Actions to tackle horizontal segregation

External practice




The government; employers organisations (e.g. in the labour market platform), other unions.

Reason it was developed

In the Dutch education sector, women are over-represented, especially in primary education as follows: • Primary education: 85% • Secondary Education: 55% • Secondary voc. Education: 57% • Higher education: 49 % The main reasons for this are as follows: • The current wage gap between 1) public and private sector and 2) primary education and other education sectors. The salary in the private sector rises much faster than in the public sector. There is a pay gap between the private and public sector. The Dutch Education Minister has the authority to make use of the ‘’zero line’’ (or “freeze”) in the public sector, when he/she thinks it is necessary. Salaries in education have been frozen over many years since the crisis; • The (image of) teacher training is not always attractive for men; • The lack of a concrete career perspective in primary education; • Primary education is more associated with care tasks.


The union has recently gone on strike asking for higher salaries across all education levels. Low payment drives men out of education sector and underpayment ultimately also means that highly educated women don’t choose to work in education AOb is of the opinion that having a career should not mean that the teachers have to stop teaching. To attract more men into the teaching profession, it’s necessary to think about a real teaching career perspective. Hence, the union asked for the collective labour agreement to be changed with better salary scales and activated social dialogue mechanisms to ask more money for better salary scales with growth opportunities. AOb also argues that (to attract more people, especially men, to the teaching profession) the sector must make sure that more men choose teacher training, and more men finish teacher training. At this moment many men leave teacher training before finishing it. AOb also cooperates in a platform with employers and other education unions, among others to cooperate on campaigns and to coordinate plans. They have for example a common website. The platform for the primary education sector recently organised a campaign called ‘’more heroes in the classroom’’. This is a communication campaign to enthuse prospective students, senior secondary and secondary school students, about being a teacher. The platform has also made grants available for schools that attract male teachers, hoping to stimulate schools to invest in looking for more men.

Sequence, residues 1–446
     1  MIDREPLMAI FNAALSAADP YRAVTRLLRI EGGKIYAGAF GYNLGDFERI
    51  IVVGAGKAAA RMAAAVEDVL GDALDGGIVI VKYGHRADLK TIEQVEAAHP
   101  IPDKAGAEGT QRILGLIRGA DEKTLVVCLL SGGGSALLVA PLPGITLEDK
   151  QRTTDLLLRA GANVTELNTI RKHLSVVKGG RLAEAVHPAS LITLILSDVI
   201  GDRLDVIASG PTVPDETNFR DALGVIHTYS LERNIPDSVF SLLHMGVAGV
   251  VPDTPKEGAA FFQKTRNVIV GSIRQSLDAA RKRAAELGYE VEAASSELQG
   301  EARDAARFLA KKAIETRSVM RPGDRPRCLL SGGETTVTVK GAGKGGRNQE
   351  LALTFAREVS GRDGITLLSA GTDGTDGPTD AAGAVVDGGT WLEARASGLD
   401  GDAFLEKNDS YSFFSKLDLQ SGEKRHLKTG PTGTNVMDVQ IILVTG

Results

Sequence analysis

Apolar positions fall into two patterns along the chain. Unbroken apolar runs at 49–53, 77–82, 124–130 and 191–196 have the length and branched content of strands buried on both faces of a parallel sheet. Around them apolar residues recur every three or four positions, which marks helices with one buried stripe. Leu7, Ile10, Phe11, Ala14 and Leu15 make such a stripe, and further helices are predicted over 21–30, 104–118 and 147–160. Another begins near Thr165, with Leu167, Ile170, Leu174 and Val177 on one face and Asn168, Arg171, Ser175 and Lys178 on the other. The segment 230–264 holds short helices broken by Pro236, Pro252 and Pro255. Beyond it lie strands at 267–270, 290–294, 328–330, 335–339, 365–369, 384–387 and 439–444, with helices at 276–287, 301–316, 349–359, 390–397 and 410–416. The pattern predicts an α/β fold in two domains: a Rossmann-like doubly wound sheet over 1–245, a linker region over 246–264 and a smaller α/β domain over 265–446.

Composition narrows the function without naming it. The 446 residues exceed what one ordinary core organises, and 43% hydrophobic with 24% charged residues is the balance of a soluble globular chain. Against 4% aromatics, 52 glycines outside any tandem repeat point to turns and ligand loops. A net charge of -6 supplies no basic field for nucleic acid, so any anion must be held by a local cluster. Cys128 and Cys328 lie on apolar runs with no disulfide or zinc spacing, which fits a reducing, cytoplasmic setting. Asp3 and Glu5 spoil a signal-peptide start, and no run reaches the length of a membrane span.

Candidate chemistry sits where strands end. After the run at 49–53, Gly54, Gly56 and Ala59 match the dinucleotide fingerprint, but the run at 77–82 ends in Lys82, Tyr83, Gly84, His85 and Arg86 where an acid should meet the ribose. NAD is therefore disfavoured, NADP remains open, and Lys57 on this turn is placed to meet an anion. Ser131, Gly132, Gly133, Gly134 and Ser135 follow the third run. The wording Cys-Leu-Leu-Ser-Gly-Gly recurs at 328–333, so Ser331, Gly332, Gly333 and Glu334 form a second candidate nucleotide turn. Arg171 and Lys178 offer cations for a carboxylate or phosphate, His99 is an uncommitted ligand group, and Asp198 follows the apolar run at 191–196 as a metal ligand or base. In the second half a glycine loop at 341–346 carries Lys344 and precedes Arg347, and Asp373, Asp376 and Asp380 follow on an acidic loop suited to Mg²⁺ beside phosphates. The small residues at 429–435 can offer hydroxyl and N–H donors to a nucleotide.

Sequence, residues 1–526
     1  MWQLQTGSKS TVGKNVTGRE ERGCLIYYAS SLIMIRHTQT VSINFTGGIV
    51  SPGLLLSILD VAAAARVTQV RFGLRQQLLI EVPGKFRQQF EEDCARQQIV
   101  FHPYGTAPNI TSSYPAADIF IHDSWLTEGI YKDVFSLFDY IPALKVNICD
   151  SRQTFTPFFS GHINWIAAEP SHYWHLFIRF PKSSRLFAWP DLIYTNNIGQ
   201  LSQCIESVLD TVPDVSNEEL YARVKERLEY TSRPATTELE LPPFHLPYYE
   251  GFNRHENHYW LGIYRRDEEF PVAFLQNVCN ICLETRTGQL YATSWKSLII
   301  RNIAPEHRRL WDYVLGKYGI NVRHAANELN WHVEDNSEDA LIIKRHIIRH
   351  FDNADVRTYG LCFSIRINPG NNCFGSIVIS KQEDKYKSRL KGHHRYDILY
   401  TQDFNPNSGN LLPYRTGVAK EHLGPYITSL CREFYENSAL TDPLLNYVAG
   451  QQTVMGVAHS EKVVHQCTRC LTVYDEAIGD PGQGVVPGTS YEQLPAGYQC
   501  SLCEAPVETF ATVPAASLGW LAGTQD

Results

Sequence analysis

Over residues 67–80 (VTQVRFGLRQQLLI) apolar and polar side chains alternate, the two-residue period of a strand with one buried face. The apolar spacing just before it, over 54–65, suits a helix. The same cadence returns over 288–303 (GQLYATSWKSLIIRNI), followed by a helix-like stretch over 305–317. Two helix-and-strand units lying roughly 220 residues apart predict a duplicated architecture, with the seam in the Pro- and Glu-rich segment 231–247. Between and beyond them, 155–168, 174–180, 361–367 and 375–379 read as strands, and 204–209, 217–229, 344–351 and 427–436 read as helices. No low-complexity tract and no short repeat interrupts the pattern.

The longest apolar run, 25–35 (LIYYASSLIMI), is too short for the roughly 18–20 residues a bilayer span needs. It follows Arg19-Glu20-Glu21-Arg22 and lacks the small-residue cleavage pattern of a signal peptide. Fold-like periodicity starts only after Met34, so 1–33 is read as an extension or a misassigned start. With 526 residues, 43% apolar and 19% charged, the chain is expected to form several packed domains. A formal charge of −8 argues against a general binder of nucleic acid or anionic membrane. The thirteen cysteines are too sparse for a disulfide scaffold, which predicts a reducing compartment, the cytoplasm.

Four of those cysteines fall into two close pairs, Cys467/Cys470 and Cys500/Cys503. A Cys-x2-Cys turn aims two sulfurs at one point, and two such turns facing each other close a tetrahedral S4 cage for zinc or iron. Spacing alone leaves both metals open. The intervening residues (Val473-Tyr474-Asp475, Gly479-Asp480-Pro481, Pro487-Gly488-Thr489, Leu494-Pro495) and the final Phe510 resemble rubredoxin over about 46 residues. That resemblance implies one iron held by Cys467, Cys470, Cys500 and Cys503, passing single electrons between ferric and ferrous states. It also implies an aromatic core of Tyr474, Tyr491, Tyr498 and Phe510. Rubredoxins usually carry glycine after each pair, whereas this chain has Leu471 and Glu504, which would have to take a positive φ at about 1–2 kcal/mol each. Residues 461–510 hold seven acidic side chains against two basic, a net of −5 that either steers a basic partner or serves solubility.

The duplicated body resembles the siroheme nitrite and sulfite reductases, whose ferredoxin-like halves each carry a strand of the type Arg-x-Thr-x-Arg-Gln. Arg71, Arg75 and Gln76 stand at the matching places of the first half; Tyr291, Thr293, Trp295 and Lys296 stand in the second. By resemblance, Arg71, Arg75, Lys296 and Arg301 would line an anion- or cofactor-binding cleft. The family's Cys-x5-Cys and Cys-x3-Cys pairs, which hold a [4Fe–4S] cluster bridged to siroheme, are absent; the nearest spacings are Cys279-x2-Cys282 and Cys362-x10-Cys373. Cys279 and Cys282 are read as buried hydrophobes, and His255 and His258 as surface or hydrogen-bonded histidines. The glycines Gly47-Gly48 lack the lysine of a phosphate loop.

It is a political choice by the government to make insufficient money available for education. The social dialogue is ongoing and the union, often supported by the employers organisations, is maintaining pressure on the government. The key challenge is to convince the government to make enough money available for the education sector. A remaining other challenge is the discussion about salary differences. Is it logical that the director earns more than the teacher? The AOb is not convinced. The teaching profession should be far better appreciated and rewarded. It is necessary to pay a better salary if you want to attract more men and if you want to keep highly educated women in education. To get rid of the image that you can only grow in salary if you stop teaching, is another challenge.


Internal trade union's funding.


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